Sunday, 22 May 2016

Learn about The Spaghetti Worm with Jenna Martin!

Loimia medusa, also known as the Medusa Worm or the Spaghetti Worm, is a sedentary, segmented worm that is a member of the Phylum Annelida. Each part, or segment, of the worms' body is made up of primarily the same organs and structures. Most of the 5-6 inch long body of the Spaghetti Worm is below the surface sediment tucked away in a tube. Usually the only part of the worm that is seen are their spaghetti-like tentacles that can grow up to a meter in length, which is where they get their unique name. Each of these tentacles is lined with cilia that collect food in the form of organic detritus and pass it back to the mouth. If larger organic food is found the tentacles will wrap around it and pull it back to the mouth, and if for some reason a tentacle is eaten or is detached they can be regenerated.

These cool looking creatures are found in shallower waters around the world. We were able to see many of them at the snorkeling sites visited during our stay a the Keys Marine Lab this past week such as Koch key, Old Sweat Bank, and Long Key Point. In shallower waters it was somewhat easy to spot out Loimia medusa because you would see neon blue, noodle-like appendages moving about on the seafloor. If you followed the tentacles back you would find the worm itself, usually somewhat tucked away among the seagrass or between corals with multiple extensions moving in different directions. Although the Spaghetti Worms that we saw in the Florida Keys had tentacles that were blue in color, there are several other colors that can be seen in these species that range from clear to orange.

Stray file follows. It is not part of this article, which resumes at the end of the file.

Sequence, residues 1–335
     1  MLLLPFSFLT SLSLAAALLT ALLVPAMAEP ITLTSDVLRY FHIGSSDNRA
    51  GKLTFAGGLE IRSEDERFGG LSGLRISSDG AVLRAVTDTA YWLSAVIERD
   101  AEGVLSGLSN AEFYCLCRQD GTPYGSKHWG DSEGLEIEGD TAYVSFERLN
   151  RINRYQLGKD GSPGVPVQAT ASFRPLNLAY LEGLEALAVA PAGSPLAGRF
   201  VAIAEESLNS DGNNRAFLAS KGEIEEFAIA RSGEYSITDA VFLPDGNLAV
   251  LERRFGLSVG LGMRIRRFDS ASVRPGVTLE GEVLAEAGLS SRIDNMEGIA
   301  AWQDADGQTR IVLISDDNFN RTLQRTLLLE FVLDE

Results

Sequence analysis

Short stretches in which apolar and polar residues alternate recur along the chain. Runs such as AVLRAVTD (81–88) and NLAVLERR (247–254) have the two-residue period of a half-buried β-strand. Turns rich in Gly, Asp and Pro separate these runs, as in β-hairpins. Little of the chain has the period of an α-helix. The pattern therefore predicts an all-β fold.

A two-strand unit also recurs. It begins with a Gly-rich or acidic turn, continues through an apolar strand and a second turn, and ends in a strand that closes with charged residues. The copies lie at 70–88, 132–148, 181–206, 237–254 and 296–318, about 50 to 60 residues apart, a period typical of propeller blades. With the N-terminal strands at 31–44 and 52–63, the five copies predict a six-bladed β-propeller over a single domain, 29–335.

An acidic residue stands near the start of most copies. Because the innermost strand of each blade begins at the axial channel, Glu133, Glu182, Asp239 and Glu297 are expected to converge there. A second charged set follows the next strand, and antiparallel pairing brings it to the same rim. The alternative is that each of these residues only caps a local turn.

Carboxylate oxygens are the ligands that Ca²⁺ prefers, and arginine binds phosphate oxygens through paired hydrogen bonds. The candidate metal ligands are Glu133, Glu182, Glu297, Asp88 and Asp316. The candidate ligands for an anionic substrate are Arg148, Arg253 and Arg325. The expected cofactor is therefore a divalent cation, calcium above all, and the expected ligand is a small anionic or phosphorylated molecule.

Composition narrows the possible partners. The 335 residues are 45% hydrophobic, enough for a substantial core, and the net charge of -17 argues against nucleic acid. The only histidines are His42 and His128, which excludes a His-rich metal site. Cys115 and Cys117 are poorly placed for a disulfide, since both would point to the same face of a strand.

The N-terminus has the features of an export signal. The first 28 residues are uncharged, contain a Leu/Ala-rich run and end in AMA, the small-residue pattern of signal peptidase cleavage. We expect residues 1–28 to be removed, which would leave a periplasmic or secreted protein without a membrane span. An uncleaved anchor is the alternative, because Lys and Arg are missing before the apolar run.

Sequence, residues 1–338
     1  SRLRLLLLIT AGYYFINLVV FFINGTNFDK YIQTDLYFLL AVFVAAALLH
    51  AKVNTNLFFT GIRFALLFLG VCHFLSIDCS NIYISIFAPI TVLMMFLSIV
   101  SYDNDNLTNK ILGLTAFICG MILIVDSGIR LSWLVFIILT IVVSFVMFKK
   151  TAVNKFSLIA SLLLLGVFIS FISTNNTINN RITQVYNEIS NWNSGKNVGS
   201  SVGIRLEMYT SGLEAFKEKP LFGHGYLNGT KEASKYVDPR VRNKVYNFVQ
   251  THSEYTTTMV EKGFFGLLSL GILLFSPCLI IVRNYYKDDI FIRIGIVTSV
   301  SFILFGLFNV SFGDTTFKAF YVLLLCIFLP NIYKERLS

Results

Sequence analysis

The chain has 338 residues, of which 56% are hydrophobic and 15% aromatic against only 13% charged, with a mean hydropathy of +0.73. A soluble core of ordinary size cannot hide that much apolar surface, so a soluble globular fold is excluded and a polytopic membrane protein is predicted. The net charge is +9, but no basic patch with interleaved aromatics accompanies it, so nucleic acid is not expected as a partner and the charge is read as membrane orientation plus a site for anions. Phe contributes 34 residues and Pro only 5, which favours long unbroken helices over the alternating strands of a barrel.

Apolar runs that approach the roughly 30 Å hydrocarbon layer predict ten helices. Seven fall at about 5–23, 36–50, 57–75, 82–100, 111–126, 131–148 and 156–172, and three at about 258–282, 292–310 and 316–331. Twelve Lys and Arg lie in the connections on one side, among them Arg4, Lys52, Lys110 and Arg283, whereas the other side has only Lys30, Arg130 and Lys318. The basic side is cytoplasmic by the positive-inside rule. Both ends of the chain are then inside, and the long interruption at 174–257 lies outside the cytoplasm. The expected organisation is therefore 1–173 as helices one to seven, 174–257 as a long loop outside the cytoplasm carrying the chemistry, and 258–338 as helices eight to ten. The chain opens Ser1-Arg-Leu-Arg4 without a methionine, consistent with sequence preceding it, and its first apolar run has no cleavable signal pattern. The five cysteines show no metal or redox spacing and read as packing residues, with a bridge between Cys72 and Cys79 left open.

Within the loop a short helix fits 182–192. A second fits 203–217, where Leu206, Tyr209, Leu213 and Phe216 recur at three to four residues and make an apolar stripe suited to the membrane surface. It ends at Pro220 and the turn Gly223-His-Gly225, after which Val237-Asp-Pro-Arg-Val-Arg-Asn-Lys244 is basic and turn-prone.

I chose to look up more about these worms because of their vibrant color, and because of their mysterious look. I have been to the Florida keys many times, and I remember the first time I saw these weird squiggly things on the sea floor out of the corner of my eye. Luckily enough I was on a class trip and my professor was able to explain to me what they were and what I was seeing. Since then I always look forward to snorkeling and seeing these creatures spaghetti-like tentacles moving about the seafloor, searching for food and bringing a pop of color to the area.
Photo Credit: Josh Voss

Another type of Spaghetti Worm outside of its tube.
Photo Credit: Life Force Magazine

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